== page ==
Welcome to the Neuroscience for Kids Newsletter.
Here is what you will find in this issue:
1. What's New at Neuroscience for Kids
2. Neuroscience for Kids Site of the Month
3. 2010 Brain Awareness Week
4. Neuroscience for Kids Writing Contest - Results
5. Olympic Protection
6. PBS Teachers Innovation Award
7. Book Review
8. Media Alert
9. Treasure Trove of Brain Trivia
10. Support Neuroscience for Kids
11. How to Stop Your Subscription
A. February Neuroscience for Kids Newsletter was archived
B. Most US Teens are Sleep Deprived
C. Paper Linking Vaccines to Autism Retracted
In February, 2 new figures were added and 31 pages were modified.
The 2010 Neuro Film Festival is a video competition sponsored by the
American Academy of Neurology Foundation. Although the deadline to submit
videos has passed, you can watch the short films and vote for your
favorite ones online. The videos cover a wide range of brain disorders
and many tell personal stories of people affected by neurological
Here in Seattle (WA), 600 students will be on campus for the University of Washington BAW Open house. The students will start with an interactive presentation about the brain and then work with hands-on exhibits set up by local neuroscientists. Exhibits include EEG machines, measurements of brain blood flow, crafts, sensory testing, and real brain specimens.
Show your BRAINY spirit:
To judge the contest, I read all 646 poems and selected 10 finalists in
each grade level (Kindergarten-grade 2; grade 3-5; grade 6-8; grade 9-12).
Winners, at least three in each grade level, were chosen by 11 judges.
Check the Neuroscience for Kids web site in November for the start of a
new Neuroscience for Kids Drawing Contest!
The contest rules are available at:
You need to submit your entry soon because the deadline is March 12, 2010.
Reading Level: High school and above.
"So You Want to Be a Scientist?" is the best book I have ever read that provides information to people considering a career in science. The author, Dr. Schwartzkroin, a neuroscientist at the University of California (Davis), provides readers with the inside story of becoming a scientist and he details the challenges and rewards of being a scientist. The book is filled with practical advice about getting the right education, choosing the proper graduate school and laboratory, how to think like a scientist, writing research papers and grant applications and giving talks. The book also discusses ethical issues that new and established scientists are likely to face as they work in different research environments and the role that scientists play in society. Each chapter ends with "Real-Life Problem" boxes that pose a dilemma; Dr. Schwartzkroin then considers several possible solutions to the problem.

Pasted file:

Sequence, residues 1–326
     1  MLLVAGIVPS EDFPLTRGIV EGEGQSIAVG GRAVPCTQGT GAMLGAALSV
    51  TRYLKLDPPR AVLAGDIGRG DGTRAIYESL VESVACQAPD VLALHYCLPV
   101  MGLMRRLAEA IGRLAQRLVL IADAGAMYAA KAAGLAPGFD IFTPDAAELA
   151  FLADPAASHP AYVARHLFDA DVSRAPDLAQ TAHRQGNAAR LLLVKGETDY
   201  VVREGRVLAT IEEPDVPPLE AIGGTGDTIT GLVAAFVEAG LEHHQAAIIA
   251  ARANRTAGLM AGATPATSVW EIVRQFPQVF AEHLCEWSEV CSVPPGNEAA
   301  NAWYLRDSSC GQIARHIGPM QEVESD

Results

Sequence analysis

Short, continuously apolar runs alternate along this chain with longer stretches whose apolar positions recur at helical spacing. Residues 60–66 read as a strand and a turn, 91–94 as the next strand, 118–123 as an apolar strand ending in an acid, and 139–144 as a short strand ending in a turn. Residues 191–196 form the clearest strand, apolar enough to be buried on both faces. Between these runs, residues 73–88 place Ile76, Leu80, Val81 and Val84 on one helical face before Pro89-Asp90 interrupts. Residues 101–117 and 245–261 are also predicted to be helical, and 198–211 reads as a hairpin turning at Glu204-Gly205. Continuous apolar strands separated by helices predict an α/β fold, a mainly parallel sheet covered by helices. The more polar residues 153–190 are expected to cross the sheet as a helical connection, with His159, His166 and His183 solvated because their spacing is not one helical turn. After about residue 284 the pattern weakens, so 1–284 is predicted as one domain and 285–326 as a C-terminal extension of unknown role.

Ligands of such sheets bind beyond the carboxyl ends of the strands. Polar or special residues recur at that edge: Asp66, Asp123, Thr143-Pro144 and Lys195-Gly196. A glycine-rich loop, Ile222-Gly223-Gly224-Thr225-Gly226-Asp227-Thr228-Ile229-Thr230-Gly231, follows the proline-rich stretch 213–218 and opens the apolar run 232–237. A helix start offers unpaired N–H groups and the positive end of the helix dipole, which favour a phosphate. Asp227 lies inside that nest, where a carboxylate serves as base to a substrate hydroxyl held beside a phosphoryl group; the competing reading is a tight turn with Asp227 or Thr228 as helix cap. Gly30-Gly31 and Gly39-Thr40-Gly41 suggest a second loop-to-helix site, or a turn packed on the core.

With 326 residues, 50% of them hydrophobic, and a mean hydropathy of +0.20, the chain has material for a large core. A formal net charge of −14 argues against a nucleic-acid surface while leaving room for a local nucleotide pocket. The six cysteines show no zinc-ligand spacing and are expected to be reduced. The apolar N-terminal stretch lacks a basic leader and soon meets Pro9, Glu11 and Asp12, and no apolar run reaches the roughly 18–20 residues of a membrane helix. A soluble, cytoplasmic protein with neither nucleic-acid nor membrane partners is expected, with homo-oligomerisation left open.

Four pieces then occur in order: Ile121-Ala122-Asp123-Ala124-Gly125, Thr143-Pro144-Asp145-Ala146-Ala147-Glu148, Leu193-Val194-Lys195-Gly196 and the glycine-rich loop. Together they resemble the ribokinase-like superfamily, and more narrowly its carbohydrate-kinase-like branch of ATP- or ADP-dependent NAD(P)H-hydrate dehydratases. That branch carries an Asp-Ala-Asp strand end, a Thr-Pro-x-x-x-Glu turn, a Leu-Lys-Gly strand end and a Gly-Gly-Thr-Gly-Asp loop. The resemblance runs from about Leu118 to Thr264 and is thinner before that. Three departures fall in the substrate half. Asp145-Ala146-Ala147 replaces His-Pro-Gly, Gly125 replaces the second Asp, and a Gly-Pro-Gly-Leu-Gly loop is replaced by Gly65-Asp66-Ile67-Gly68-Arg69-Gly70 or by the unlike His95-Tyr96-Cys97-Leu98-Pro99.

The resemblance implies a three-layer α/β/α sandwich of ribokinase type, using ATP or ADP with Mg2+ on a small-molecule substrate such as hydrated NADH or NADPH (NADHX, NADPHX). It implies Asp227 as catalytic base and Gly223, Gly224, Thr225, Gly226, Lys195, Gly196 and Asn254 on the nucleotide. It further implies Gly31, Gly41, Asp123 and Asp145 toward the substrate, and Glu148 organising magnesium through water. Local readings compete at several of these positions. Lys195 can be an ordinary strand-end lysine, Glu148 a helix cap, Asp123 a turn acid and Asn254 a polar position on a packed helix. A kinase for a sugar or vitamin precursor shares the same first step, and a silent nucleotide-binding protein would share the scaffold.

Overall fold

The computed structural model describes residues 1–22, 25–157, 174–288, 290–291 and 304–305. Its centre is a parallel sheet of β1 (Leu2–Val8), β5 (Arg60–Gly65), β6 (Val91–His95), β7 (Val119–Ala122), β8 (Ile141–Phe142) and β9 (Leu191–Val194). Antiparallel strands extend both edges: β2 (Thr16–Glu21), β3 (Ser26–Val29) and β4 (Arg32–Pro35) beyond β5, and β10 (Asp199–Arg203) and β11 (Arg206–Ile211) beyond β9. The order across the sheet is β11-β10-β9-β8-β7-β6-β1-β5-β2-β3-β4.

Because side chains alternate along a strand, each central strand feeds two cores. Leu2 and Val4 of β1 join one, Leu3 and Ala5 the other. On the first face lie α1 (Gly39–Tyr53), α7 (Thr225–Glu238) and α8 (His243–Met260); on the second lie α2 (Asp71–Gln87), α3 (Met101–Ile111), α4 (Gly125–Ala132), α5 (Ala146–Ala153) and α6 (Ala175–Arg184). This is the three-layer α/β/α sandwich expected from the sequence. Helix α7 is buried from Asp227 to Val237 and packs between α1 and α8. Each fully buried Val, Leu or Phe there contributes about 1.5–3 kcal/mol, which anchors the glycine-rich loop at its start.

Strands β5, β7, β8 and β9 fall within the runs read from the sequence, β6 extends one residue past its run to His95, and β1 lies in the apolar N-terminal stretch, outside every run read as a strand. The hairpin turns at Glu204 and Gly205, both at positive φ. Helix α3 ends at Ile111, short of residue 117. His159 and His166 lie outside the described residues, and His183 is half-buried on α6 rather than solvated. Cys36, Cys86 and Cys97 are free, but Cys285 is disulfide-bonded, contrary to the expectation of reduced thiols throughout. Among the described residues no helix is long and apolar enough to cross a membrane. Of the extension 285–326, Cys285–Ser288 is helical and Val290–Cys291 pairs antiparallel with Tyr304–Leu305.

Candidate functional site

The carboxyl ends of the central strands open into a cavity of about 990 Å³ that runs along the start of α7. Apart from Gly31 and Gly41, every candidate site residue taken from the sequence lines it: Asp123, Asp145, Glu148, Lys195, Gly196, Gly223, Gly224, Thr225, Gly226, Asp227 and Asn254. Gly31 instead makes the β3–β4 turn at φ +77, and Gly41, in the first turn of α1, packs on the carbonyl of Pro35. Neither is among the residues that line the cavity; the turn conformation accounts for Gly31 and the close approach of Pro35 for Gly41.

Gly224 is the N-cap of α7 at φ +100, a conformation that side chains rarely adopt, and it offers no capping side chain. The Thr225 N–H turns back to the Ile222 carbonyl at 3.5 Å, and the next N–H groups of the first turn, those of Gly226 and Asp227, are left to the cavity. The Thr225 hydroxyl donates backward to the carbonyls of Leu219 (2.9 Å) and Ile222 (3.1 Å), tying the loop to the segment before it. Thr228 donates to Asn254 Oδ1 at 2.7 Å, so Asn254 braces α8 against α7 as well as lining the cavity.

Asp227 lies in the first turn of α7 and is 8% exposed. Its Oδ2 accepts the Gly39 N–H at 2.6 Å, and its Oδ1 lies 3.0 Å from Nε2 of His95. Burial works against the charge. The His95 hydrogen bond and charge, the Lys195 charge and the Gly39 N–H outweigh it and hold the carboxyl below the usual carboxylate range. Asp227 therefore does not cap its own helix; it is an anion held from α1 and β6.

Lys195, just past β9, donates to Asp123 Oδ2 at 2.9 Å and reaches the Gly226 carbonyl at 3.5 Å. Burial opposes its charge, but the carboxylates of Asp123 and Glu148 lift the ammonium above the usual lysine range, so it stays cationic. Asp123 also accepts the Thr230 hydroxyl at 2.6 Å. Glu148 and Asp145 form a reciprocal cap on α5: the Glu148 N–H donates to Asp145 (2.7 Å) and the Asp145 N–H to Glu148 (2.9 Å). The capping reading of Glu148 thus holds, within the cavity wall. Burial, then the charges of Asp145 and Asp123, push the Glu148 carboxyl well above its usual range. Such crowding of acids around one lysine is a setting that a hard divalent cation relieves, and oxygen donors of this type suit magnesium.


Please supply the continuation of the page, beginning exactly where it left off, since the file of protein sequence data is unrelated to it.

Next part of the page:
If you are thinking about becoming a scientist, then "So You Want to Be A
Scientist" is a book you must read.
B. "The Brain's Dark Energy Brain" by Marcus E. Raichle is the cover story of the March 2010 issue of Scientific American. This article discusses how activity in specific areas of the brain may help us understand neurological disorders and consciousness.
C. The March/April 2010 issue of Scientific American Mind magazine is on newsstands now. Articles in this magazine include: The Power to Persuade, A Sensory Fix for Problems in School, The Pluses of Getting It Wrong, Busting Big Myths in Popular Psychology, The Brain and the Written Word, New Hope for Battling Brain Cancer, and Are You Mentally Healthy?
D. "East Brain, West Brain" by Sharon Begley (Newsweek magazine, March 1, 2010) discusses how culture shapes the brain and how the meaning of scientific results from Westerners may have to be reconsidered.
E. "Fish Oil Is No Snake Oil" by Amber Angelle (Discover magazine, March, 2010) discusses how fish oil may be good for the heart and brain.
F. The Cunningham Dax Collection is an exhibit of artwork created by people who have experienced mental illness or psychological trauma. The collection is available for viewing Wednesday through Sunday in Parkville, Victoria (Australia).
G. "Landscapes of the Mind" is a museum exhibit featuring art inspired by
neuroscience at the Williams College Museum of Art (Williamstown, MA). The
exhibit runs until May 2, 2010.
B. Hawaii is the only state in the US that produces coffee, a major source of caffeine, a central nervous system stimulant. (Source: http://www.hawaiicoffeeassoc.org/)
C. Some deep-sea fish have tubular eyes with each eye having two retinas. The retina on the side of the eye focuses distant objects; the other retina at the base of the eye is used to see near objects. (Source: Creatures of the Deep by Erich Hoyt, Buffalo (NY): Firefly Books, 2001.)
D. The seahorse is the only fish that has a neck. (Source: Scales, H., Poseidon's Steed, New York: Gotham Books, 2009.)
E. The vermis is a part of the cerebellum. The word "vermis" comes from
Latin meaning "worm."
Help Neuroscience for Kids
Your comments and suggestions about this newsletter and the "Neuroscience for Kids" web site are always welcome. If there are any special topics that you would like to see on the web site, just let me know.
Eric H. Chudler, Ph.D.